each word, phrase and the right expression of it, had to be given the sound of its essential meaning. The World Youth Choir was the Balkans in that moment; they were the citizens of each of those countries and the native sound of the nations living in that region of Europe. Most importantly, those countries were represented to the world through their identity. After five days of rehearsal camp, the World Youth Choir was ready to begin a very well planned concert tour to Rochefort, Aubel and Sombreffe in Belgium, Kerkrade (NL), Gent (B), Nancy (F) and Thionville (F). Beautiful churches for singing the right repertoire, with different but good acoustics, offered the singers the unique chance to be professionals, adjusting to the conditions and offering the audience moments of true satisfaction through the choral sound of the UNESCO “Artists for Peace”. Today the World Youth Choir is a tremendous performing machine and can be considered as representative of choral singing in the world: every year the number of

countries sending at least one singer to the choir is rising. But the World Youth Choir has also become representative of making choral music an educational and a social tool. The mere presence of the choir on stage gives concrete form to the idea of international friendship and cooperation through music. Audiences understand this intuitively at first glance. This quality is also used in a more educational perspective, bringing the choir to schools, meeting local choirs, and exchanging experiences and the passion for choral singing. This was the case during the summer session in South Africa 2007 and again during this winter session. The World Youth Choir performed and participated actively in two master classes for members of the local choirs and conductors in Kerkrade (NL) and Thionville (F). All those who attended had the chance to enhance their knowledge in different ways of performing, interpreting and conducting the music of East Europe, especially its folklore part which was the most interesting for them. Theodora Pavlovitch used this opportunity to enliven the master classes, giving lectures in the history of the regions, the historic influences and types of different vocal, musical and folklore traditions in every country represented in the music of the World Youth Choir repertoire. The concert tour finished with a wonderful concert in Namur, the unforgettable ”crown jewel” concert in the church with more than 500 people in the audience. Two persons in particular gave all their passion, energy, time and strong will to make this project happen: Véronique Bour, the administrative and financial manager of the ICCM and her assistant, Maria Catalina Prieto; without them this session couldn't have happened. So, dear friends of the World Youth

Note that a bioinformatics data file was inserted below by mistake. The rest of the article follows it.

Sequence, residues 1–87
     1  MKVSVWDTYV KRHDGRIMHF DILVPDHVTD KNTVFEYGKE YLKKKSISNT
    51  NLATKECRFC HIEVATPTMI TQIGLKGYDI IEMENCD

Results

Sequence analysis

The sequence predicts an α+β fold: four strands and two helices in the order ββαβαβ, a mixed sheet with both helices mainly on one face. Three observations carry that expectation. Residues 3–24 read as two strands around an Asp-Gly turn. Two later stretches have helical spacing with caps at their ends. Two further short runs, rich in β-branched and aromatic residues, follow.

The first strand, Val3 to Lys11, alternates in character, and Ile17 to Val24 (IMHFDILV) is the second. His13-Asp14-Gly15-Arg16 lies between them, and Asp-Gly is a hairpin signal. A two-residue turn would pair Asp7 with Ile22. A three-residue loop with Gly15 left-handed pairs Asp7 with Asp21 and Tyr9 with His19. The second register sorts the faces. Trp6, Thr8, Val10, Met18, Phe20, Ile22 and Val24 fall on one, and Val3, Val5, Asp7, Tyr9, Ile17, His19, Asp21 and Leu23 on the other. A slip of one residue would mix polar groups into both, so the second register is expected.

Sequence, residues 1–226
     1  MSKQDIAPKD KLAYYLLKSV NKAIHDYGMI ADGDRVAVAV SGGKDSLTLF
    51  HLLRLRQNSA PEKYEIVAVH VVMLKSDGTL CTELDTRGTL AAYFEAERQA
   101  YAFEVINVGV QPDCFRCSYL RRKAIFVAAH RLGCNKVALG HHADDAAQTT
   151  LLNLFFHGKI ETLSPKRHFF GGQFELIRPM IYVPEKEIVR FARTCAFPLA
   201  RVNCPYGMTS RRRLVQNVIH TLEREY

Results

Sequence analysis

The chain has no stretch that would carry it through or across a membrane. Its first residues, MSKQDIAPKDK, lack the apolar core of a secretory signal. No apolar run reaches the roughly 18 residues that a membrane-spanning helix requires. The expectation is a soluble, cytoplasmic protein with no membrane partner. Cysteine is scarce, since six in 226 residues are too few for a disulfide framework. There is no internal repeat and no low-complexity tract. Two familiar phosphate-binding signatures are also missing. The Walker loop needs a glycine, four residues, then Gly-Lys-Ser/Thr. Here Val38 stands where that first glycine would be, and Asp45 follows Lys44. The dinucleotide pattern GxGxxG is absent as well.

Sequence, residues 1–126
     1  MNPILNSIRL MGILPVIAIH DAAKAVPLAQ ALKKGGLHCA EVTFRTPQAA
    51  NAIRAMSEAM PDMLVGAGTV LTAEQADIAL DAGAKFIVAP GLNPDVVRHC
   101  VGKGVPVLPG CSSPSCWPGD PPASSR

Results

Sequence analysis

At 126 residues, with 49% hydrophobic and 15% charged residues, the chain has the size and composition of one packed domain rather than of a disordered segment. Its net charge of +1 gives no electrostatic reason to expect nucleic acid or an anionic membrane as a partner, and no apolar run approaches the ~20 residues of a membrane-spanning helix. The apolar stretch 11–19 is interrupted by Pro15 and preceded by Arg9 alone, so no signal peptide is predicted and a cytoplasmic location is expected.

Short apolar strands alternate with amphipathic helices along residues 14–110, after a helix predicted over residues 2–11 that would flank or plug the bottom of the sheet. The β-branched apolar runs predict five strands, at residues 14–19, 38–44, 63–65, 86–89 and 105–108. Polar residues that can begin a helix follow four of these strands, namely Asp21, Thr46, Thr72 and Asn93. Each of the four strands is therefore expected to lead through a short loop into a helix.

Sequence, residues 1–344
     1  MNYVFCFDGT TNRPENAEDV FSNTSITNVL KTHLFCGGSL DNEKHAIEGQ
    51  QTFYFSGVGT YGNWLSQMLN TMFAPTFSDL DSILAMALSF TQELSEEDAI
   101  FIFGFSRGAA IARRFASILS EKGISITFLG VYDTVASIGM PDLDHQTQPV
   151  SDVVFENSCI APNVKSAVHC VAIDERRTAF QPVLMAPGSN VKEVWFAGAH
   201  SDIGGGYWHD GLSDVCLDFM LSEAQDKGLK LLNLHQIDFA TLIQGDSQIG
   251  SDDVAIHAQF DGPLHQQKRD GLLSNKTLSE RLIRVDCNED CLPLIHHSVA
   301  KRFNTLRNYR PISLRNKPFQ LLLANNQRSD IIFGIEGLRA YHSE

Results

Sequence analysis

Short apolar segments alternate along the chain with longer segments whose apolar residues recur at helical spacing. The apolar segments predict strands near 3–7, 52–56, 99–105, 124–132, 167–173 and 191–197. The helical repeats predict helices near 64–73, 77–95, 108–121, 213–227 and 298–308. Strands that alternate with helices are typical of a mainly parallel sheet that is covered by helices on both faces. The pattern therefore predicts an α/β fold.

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IFCM News ...World Youth Choir

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Choir, as I have told you, for us who have experienced the perfect choral world called World Youth Choir during this European winter session 2007-2008, we do believe in one thing: “The World Youth Choir was, is and will be a unique project on this planet, bringing together people from different cultures and nations for an unforgettable moment in each of their lives. It is a global school of understanding, respect and unity of many different nations but speaking only the one language that all of them understand: the language of the world’s choral music! It is a

unique chance for young people to develop every part of their being and, through music, discover the essence of living. No matter how different our cultures, skin colours, religions, languages, being a “WORLD” Youth Choir member and “speaking” the choral language, shows how every one of us is important, how every one of us is the WORLD wherever we come from. Our “choral” language is unique; our choir is unique for all people who want to make the world a better place, even if it is “only” with the sound of music! We feel fulfilled as human beings when ever there is a place for us to act as unique cultural